Full Faith and Credit: A Golden Assurance

Full faith and credit guarantees offer the insurance of a stable financial organization over a less stable organization's debt. Essentially, if a company is backed by the full faith and credit of another company or agency, it is borrowing the good credit of that agency. When a document, debt or other financial instrument is guaranteed this way, the smaller organization has a higher credit rating and an easier chance obtaining future financing.

Example

One example of a full faith and credit situation is the federal government's backing of the Government National Mortgage Association (Ginnie Mae). Because Ginnie Mae is backed in such a manner, any securities that are derived from Ginnie Mae mortgages are considered to be much higher grade than other mortgage-backed securities. This makes Ginnie Mae's mortgage-backed securities far more desirable on the market. 

The federal government also backs up other financial entities. For example, it offers its own full faith and credit to U.S. Treasury securities. When you purchase a bond from the U.S. Treasury, it is backed by the federal government, which provides nearly 100 percent insurance against default. The U.S. government may even offer full faith and credit to an individual state reserve bank or a smaller government entity.

Selecting Full Faith Securities

As an investor, if you want to minimize your risk, you should look for securities of the highest investment grade possible. This means the securities have been evaluated by a ratings institution that determined the issuer is not likely to default or go bankrupt. If you come across a security that is offered by a middle- to low-grade institution, though, you may still consider purchasing the security if it has the full faith and credit of a more stable entity. For example, you may be wary of purchasing shares in a start-up tech company. However, if that tech company is partly owned by and fully backed by the full faith and credit of IBM, you may be less hesitant.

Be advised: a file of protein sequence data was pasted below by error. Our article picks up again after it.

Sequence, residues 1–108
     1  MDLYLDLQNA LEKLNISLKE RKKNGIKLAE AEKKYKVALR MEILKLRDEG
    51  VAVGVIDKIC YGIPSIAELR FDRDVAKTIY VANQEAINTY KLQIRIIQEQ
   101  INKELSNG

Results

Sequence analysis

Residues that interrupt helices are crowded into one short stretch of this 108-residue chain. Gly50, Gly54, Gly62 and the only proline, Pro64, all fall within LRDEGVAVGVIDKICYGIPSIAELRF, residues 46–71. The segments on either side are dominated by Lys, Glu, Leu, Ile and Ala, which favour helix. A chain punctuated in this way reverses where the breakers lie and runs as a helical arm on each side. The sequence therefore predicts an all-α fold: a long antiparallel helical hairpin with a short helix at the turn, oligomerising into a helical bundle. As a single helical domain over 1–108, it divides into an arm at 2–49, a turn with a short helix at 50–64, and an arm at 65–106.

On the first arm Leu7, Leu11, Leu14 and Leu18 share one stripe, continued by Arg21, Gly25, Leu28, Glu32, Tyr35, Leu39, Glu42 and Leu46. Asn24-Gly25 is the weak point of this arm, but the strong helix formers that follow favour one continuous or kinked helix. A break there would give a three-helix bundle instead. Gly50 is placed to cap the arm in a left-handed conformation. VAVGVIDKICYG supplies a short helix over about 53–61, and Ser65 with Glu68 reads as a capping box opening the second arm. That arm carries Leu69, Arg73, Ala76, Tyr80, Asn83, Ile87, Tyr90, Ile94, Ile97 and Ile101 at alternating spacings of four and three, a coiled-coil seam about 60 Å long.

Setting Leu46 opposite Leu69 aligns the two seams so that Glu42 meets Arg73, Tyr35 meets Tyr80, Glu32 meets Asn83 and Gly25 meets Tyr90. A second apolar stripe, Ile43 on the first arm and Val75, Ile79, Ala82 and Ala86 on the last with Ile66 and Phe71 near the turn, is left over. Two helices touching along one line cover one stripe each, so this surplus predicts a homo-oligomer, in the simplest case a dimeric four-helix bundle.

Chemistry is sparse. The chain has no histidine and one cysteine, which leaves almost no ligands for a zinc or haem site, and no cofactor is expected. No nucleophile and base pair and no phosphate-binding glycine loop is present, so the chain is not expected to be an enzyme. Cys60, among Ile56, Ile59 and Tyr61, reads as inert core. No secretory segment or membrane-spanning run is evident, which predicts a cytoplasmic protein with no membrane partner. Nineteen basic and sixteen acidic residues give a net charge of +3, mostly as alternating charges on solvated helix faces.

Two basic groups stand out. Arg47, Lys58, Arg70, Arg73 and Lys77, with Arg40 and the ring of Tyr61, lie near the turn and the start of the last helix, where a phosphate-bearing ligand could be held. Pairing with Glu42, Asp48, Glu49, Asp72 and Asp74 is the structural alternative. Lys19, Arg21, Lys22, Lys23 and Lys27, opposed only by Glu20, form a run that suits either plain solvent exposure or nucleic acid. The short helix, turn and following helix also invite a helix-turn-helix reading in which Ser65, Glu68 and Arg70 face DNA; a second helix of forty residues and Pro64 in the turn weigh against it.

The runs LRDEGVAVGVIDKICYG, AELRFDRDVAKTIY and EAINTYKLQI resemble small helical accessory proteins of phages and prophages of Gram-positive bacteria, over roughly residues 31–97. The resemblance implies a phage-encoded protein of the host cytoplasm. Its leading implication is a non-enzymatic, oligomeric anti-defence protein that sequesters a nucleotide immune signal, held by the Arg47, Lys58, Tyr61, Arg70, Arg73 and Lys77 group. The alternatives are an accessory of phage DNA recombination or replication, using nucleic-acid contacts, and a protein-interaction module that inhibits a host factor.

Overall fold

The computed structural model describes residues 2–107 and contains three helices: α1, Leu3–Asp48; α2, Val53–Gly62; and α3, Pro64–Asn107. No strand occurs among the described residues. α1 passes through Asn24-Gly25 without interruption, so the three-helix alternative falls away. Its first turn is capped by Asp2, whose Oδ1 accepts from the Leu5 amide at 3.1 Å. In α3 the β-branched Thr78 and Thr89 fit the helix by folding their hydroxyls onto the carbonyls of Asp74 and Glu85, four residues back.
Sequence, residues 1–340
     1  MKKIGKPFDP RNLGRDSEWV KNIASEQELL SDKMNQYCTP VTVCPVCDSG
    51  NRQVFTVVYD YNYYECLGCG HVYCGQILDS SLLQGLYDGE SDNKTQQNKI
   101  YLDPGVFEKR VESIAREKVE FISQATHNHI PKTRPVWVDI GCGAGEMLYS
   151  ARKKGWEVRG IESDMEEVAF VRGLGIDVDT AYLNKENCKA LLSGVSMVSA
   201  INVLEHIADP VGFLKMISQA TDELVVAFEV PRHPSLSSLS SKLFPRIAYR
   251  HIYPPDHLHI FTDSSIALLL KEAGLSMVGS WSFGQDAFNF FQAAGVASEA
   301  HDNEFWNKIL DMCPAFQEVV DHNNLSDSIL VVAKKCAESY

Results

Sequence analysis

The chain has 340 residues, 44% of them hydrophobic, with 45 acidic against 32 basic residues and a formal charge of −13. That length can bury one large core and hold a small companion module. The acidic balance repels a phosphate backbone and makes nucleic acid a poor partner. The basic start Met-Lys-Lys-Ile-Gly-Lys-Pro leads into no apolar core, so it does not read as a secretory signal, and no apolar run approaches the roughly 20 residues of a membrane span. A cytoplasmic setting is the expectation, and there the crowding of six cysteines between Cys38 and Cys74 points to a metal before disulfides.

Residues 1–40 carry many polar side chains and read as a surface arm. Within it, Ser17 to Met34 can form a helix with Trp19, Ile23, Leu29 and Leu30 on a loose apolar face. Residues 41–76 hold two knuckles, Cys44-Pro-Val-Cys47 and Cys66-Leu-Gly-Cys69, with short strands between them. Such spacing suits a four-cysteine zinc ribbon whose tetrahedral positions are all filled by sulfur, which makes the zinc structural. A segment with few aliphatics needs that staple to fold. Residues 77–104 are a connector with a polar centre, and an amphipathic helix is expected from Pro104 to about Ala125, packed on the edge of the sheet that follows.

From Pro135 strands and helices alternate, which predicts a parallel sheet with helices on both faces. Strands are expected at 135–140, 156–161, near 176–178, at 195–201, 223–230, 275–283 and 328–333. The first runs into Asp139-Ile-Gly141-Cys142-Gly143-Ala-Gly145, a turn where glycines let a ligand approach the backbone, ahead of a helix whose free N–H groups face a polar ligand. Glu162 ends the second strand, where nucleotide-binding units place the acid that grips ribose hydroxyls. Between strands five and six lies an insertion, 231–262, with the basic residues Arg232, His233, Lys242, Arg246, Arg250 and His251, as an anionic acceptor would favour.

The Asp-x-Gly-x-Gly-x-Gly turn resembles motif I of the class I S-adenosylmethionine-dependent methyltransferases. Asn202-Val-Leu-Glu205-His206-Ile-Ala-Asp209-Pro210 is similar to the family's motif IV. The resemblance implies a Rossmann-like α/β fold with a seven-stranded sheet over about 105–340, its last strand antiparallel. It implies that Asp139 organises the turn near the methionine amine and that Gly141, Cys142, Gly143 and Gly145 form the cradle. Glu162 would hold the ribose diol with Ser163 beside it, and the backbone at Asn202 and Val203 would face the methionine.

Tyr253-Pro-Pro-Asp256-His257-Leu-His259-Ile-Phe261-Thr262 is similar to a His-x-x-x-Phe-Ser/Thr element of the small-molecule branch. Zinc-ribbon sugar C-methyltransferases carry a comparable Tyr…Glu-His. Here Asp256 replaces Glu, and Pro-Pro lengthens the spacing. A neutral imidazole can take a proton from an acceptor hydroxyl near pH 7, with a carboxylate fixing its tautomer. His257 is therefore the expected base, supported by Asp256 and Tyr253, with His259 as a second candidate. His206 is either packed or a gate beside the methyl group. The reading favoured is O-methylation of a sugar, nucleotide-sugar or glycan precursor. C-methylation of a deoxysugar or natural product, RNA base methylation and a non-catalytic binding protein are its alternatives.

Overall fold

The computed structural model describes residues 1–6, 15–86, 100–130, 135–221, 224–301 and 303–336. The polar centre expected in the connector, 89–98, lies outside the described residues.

The True Test of Full Faith and Credit

Full faith and credit is not a legally binding agreement. The U.S. government does not cosign on Ginnie Mae mortgages, nor does IBM do so for subsidiaries it may be backing. Full faith and credit is a commitment of the backing organization to attempt to resolve any financial issues that may arise, but it is not a promise to repay the debts of the organization.

Other Applications

Full faith and credit is also used in a clause of the United States Constitution. This application is not financial. Instead, it refers to the duties and responsibilities of each state in the union to recognize the rules, laws and regulations of other states. Essentially, the full faith and credit clause attempts to address the manner by which one state must recognize judgments, papers and contracts of another state. For example, if a couple has married in the state of California, and Nevada offers full faith and credit of the marriage, the couple would still be legally married if they resided in Nevada.

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